had an appointment with Dr. Shoemaker, the rotating prison
optometrist, on March 7, 2014. (Shoemaker Declaration, Doc.
47-2 at ¶¶ 3, 4, 6). Upon examining plaintiff, Dr.
Shoemaker suspected that plaintiffs macula was detached.
(Id. at ¶ 12). Plaintiffs drooping upper retina
would not allow Dr. Shoemaker to confirm whether plaintiffs
macula was off; therefore, he immediately referred plaintiff
to OSU for further examination out of caution rather than
urgency. (Id. at ¶¶ 12-13; Doc. 47-8 at
2). The OSU emergency ophthalmology examination findings
revealed: "left eye retinal detachment-superiorly which
is drooping down and obstructing view of posterior pole.
Likely macula off-but not viewable." (Doc. 47-8 at 2).
The discharge instructions from OSU stated: "Please
return to [Emergency Department] if symptoms worsen.
Ophthalmology will call the prison case manager for
scheduling of your surgery." (Id. at 3). Eleven
days later, on March 18, 2014, plaintiff underwent retinal
detachment surgery of the left eye. (Id. at 15).
on these facts, plaintiff brings an Eighth Amendment
deliberate indifference claim against Dr. Ahmed, alleging
that a delay in treatment of his eye and Dr. Ahmed's
decision not to immediately transfer him to OSU caused him to
"experience pain and suffering and remain sight-impaired
for an extended period of time." (Verified Amended
Complaint at ¶ 10).
Summary Judgment Standard
motion for summary judgment should be granted if the evidence
submitted to the Court demonstrates that there is no genuine
issue as to any material fact, and that the movant is
entitled to judgment as a matter of law. Fed.R.Civ.P. 56(c).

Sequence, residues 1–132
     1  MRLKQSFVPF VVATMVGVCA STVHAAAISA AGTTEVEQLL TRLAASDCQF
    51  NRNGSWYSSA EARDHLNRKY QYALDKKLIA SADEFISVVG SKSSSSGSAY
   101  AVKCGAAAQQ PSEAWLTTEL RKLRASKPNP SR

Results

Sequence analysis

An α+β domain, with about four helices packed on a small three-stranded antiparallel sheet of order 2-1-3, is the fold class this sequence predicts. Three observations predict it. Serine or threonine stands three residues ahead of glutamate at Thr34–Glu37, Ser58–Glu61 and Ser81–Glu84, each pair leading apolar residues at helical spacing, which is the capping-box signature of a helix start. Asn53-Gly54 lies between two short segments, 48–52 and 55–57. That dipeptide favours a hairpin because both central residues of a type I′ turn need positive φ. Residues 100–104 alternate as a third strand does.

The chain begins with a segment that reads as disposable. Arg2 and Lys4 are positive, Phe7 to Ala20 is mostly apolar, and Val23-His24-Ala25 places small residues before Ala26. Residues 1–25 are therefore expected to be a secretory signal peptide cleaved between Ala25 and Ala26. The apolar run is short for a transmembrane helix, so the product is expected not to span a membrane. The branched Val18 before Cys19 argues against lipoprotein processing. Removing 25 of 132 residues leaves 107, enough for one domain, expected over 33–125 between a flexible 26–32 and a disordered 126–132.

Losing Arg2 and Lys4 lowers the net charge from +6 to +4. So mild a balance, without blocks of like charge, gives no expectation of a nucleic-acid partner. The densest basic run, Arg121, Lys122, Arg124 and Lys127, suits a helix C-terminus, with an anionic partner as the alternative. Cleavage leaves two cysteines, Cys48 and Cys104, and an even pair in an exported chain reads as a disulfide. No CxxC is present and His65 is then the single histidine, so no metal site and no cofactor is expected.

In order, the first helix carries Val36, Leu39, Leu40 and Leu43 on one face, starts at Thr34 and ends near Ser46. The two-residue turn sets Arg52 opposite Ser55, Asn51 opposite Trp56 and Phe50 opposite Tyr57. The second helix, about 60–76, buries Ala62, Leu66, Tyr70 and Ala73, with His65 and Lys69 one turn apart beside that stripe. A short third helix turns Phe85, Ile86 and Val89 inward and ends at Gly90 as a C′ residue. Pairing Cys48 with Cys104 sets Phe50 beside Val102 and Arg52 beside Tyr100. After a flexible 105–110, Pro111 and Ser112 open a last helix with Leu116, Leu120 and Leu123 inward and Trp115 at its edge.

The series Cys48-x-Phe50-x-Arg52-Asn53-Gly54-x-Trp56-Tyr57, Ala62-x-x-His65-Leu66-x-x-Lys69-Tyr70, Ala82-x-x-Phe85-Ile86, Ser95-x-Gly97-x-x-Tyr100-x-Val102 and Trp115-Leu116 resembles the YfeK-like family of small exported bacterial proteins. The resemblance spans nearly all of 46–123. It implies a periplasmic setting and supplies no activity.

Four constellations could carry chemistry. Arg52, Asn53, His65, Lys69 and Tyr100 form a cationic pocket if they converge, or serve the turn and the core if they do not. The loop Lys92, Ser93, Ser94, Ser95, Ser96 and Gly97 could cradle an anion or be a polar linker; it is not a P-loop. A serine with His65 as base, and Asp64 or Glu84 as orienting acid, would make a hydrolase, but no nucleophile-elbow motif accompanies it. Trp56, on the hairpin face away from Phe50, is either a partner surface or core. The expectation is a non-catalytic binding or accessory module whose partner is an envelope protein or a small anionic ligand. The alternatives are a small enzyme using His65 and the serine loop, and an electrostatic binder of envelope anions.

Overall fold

See Celotex Corp. v. Catrett, 477 U.S. 317, 322
(1986); Anderson v. Liberty Lobby, Inc., 477 U.S.
242, 247 (1986). A grant of summary judgment is proper if
"the pleadings, depositions, answers to interrogatories,
and admissions on file, together with the affidavits, if any,
show that there is no genuine issue of material fact and that
the moving party is entitled to judgment as a matter of
law." Satterfield v. Tennessee, 295 F.3d 611,
615 (6th Cir. 2002). The Court must evaluate the evidence,
and all inferences drawn therefrom, in the light most
favorable to the non-moving party. Satterfield, 295
F.3d at 615; Matsushita Elec. Indus. Co., Ltd. v. Zenith
Radio, A1S U.S. 574, 587 (1986); Little Caesar
Enters., Inc. v. OPPC, LLC, 219 F.3d 547, 551 (6th Cir.
trial judge's function is not to weigh the evidence and
determine the truth of the matter, but to determine whether
there is a genuine factual issue for trial.
Anderson, 477 U.S. at 249. The trial court need not
search the entire record for material issues of fact,
Street v. J.C Bradford & Co., 886 F.2d 1472 (6th
Cir. 1989), but must determine "whether the evidence
presents a sufficient disagreement to require submission to a
jury or whether it is so one-sided that one party must
prevail as a matter of law." Anderson, 477 U.S.
at 251-52. "Where the record taken as a whole could not
lead a rational trier of fact to find for the non-moving
party, there is no 'genuine issue for trial.'"
Matsushita, 475 U.S. at 587. "In response to a
properly supported summary judgment motion, the non-moving
party 'is required to present some significant probative
evidence which makes it necessary to resolve the parties'
differing versions of the dispute at trial." Matson
v. Montgomery Cty. Jail Med. Staff Pers., 832 F.Supp.2d
846, 849 (S.D. Ohio 2011) (quoting Sixty Ivy St. Corp. v.
Alexander, 822 F.2d 1432, 1435 (6th Cir. 1987)).
plaintiff is a pro se litigant, his filings are liberally
construed. Spotts v. United States, 429 F.3d 248,
250 (6th Cir. 2005) (citing Haines v. Kerner, 404
U.S. 519, 520 (1972) (stating that the Court holds pleadings
of pro se litigants to less stringent standards than formal
pleadings drafted by lawyers)); Boswell v. Mayer,
169 F.3d 384, 387 (6th Cir. 1999) (pro se plaintiffs enjoy
the benefit of a liberal construction of their pleadings and
filings). However, a party's status as a pro se litigant
does not alter his duty to support his factual assertions
with admissible evidence. Matson, 832 F.Supp.2d at
851-52 (citing Viergutz v. Lucent Techs. Inc., 375
Fed.Appx. 482, 485 (6th Cir. 2010)). When opposing a motion
for summary judgment, a pro se party cannot rely on
allegations or denials in unsworn filings. Id.
(citing Viergutz, 375 Fed.Appx. at 485).